This action whizzes by without any of your input, and normally the only way I'd know what just happened is by tediously checking my list of planets to see if any are missing, but since I recorded a video this time, here's what happened:

  • Player Three attacks Player Four's planet on Almak with 2 warships, and wins with 1 survivor.
  • Player Three attacks Nihal with 54 warships, and wins, with 23 survivors.
  • Player Four attacks Spica with 3 warships, and loses.
  • Player Four attacks Schedar with 2 warships and wins without loss.
  • Player Four attacks Rigel with 5 warships and wins, with 2 survivors.
  • Player Four attacks Zosma with 3 warships and loses.
  • Player Four attacks Deneb with 3 warships and wins, with 1 survivor.
  • A bunch of boom sounds while Deneb is at the center of the screen.

I had lost Nihal and both of my planets on it, but gained Thuban, with one planet already settled, and another one ready to be conquered. In addition, the chaos on Almak caused me to regain control of one of the planets there, which Player Four had conquered some time ago. Almak was definitely a volatile situation, though.

Turn 140, being even, has only a movement phase.

A single enemy transport hovers over Kochab, so I send one warship from Etamin to shoo it away, and have the transports at Etamin settle the uncolonized planet there.

From Nunki, two warships go to Wesen, and the other two to Aludra.

I move warships from Regulus to Schedar.

Jumping ahead to sector 6, I move two ships from Phaeda to Adara, and four from Nath to Pollux.

A rare Player Three fleet sprite appears over Almak!

Things get complicated in Sector 4, and Sector 6 reserves have to pitch in to help. Two ships apiece go from Phaeda and Izar to Vega. Four from Rastaban and the other two from Izar to go Almak. Two from Etamin goes to Sirius, and the last goes to Rigel.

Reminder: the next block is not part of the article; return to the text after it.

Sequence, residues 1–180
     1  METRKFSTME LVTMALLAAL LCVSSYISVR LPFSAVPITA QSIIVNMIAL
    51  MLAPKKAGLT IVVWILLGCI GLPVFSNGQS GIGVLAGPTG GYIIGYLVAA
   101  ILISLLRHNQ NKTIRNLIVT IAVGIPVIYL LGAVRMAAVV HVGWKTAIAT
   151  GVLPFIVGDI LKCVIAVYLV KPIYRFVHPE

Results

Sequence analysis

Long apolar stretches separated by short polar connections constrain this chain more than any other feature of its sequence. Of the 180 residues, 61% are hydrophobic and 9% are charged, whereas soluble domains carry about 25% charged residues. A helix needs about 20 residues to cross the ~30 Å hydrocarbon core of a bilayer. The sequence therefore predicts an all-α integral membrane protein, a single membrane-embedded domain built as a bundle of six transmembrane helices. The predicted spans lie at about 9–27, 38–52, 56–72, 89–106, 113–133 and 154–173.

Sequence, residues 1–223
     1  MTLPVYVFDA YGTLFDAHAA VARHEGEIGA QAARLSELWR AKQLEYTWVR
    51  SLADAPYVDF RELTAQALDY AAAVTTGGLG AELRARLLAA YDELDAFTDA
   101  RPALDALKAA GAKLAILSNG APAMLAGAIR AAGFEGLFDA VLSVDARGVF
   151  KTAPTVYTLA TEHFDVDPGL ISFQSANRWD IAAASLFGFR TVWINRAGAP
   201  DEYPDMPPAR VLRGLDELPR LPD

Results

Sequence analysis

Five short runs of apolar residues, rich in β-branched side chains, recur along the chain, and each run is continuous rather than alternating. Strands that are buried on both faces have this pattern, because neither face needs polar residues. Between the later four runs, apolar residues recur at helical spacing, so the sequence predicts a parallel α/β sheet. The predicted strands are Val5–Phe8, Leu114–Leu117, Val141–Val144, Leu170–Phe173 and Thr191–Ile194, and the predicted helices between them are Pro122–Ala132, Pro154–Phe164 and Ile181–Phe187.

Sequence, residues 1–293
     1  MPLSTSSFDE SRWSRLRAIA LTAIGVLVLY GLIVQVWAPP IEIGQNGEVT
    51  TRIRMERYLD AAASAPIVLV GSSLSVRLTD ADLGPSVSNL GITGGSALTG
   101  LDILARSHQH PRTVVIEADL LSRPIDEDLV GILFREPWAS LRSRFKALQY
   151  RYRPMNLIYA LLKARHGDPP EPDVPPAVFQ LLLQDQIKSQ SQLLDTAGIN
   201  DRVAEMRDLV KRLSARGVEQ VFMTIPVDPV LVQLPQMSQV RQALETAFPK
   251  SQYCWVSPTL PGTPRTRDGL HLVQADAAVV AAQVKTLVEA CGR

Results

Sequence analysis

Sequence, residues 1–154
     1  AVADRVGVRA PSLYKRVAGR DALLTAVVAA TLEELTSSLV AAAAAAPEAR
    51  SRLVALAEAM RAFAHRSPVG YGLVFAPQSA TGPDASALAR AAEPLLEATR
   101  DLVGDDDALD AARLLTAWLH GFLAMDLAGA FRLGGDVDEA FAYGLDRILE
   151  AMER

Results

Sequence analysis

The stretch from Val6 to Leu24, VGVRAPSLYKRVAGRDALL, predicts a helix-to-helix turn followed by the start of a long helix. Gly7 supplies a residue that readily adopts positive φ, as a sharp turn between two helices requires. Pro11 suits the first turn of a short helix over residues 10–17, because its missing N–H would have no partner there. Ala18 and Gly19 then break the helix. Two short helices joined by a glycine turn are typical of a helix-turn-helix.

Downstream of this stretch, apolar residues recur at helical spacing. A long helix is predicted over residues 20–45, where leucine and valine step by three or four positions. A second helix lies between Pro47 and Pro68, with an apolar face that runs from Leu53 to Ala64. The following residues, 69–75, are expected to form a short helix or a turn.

Shedir is the only system here with enemy ships I haven't already ordered to be intercepted, but I can't see a good way to get at it. Solar debris means it would take three turns for backup from Acrux to arrive. At least there are PDB's there. I send another ship from Acrux to Rigel.

I send my remaining three ships from Acrux to Deneb. Acrux is conveniently the only star in a position to send anything there.

Nothing to do here.

I could move my fleet from Thuban to Mirzam in preparation for another attack, but there's still one unconquered world at Thuban, and if I leave it alone, they could build PDB's. So for now I leave my fleet there. Transports will arrive soon, and then I can take it and move on.

I moved all other fleets toward Thuban.

Events during the combat phase:

  • Player Four withdraws from Adara.
  • Player Four withdraws from Kochab as 32 of my warships land there.
  • Player Four withdraws from Wesen.
  • Player Two lands a surprise attack on Schedar with 16 warships, and I withdraw.
  • Player Four routed at Pollux.
  • Melee with Player Three and Player Four on Almak, but both opponents withdraw.
  • Player Four withdraws from Rigel.
  • Surprise attack on Antares. One warship of my own arrives, but is destroyed along with several transports.
  • Player Four rallies a useless defense fleet at Thuban. One of my warships is destroyed, but so are most of them, awarding me 112 victory points.

Events during the planet attack phase:

  • On Almak, 5 of my warships attack Player Three's planet and win, with 4 survivors.
  • Transports arrive at Thuban and I immediately land, conquering its outstanding planet.
  • Player Two attacks Spica with 4 warships and wins with 1 survivor.
  • Player Two attacks Schedar with 13 warships and wins with 9 survivors.
  • Natural disaster on Zosma harms the social level somewhat.

I lost two planets on Schedar and one on Antares, and gained one on Etamin and Thuban. But I had nearly 30,000 victory points, leading over my closest rival Player Four by over 12,000.

I won't go into further extreme detail over what transpired over the final ten turns, but these were the major events:

  • Turn 141 - Victories at Antares and Mirzam, and PDB's destroyed. Defeats at Izar, Ross, and Etamin. One world at Etamin lost to Player Four.